While all eyes were on the U.S. Supreme Court as it began hearing arguments today on the nation's healthcare law, officials in Texas and Oklahoma were waiting to see if the justices would agree to hear the Tarrant Regional Water District's lawsuit against the State of Oklahoma.
The U.S 10th Circuit and a lower federal court ruled in favor of Oklahoma in the lawsuit, in which the water district seeks to obtain water from north of the Red River to serve as part of the Metroplex's future water supply.
As it turned out, the Supreme Court made no decision Monday, which the water district's lawyers viewed as a positive sign.
"The Supreme Court today decided to take another week to consider Tarrant’s certiorari petition challenging Oklahoma laws barring the export of water to Texas – indicating that the Justices are interested in Tarrant’s arguments and intend to study the case more deeply," said attorney Timothy S. Bishop.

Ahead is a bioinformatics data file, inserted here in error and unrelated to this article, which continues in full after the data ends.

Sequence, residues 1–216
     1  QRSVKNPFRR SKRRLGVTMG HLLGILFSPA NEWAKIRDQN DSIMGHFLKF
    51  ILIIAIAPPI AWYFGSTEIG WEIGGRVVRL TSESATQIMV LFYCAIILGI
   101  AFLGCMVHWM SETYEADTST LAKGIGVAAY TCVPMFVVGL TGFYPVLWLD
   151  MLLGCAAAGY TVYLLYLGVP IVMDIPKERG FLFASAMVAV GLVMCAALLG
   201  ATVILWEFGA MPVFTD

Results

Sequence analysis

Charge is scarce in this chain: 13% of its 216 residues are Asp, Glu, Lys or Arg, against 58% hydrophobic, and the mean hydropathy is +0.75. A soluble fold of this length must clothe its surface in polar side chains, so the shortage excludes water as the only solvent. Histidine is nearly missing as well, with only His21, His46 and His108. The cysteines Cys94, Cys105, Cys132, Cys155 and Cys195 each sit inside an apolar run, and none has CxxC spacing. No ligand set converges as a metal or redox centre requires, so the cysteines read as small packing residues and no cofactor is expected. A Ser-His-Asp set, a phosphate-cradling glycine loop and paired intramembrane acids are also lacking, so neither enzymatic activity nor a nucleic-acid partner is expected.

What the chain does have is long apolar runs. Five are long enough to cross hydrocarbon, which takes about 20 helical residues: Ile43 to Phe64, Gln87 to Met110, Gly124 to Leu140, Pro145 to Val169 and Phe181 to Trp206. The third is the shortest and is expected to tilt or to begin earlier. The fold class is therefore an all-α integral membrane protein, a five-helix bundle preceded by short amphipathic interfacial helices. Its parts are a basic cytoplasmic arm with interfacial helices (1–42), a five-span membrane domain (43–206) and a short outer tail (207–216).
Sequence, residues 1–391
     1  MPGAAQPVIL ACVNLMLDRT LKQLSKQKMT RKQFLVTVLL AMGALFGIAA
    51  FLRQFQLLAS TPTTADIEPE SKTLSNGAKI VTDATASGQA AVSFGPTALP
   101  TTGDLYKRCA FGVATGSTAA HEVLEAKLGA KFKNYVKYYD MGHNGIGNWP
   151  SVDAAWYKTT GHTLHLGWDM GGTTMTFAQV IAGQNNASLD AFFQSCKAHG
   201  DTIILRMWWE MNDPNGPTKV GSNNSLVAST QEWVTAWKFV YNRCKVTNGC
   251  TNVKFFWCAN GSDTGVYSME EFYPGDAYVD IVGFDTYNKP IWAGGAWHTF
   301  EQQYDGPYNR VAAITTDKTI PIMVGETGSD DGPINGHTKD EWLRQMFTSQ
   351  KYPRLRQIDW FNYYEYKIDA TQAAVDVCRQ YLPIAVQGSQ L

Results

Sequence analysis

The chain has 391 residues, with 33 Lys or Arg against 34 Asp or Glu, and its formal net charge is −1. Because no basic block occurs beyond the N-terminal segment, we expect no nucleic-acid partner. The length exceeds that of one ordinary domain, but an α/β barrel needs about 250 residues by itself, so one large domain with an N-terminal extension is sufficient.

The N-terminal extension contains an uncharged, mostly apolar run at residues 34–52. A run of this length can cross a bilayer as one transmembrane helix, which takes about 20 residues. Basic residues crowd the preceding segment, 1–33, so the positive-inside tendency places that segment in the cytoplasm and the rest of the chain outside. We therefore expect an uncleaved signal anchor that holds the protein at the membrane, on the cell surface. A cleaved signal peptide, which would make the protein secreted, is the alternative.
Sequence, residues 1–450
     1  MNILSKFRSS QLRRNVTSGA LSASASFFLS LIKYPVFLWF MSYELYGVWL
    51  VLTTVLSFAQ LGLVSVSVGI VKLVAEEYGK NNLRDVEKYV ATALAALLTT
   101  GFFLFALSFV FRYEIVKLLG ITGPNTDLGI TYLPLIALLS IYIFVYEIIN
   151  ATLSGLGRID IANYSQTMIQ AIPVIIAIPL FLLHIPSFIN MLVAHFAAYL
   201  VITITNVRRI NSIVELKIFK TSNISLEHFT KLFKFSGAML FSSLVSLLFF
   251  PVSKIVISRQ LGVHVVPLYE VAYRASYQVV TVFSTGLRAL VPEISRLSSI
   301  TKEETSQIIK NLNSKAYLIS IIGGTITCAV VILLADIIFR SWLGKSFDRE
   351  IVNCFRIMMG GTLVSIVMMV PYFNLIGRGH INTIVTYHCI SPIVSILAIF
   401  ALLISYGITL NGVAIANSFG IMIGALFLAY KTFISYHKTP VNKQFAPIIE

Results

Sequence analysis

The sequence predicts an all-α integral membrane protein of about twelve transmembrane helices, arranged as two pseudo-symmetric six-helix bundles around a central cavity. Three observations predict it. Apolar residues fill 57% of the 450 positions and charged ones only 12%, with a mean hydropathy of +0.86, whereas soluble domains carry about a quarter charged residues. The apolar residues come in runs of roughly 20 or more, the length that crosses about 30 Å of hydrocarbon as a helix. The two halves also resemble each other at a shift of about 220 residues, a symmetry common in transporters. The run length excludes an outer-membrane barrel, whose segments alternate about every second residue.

"The Court will discuss whether to grant Tarrant’s petition again on March 30."
Last week, the Supreme declined to hear another case involving water being moved from Oklahoma to Texas. Hugo, Okla., had an agreement to sell water to Irving and the lower courts had ruled that Hugo couldn't sell water without Oklahoma's permission.
- Bill Hanna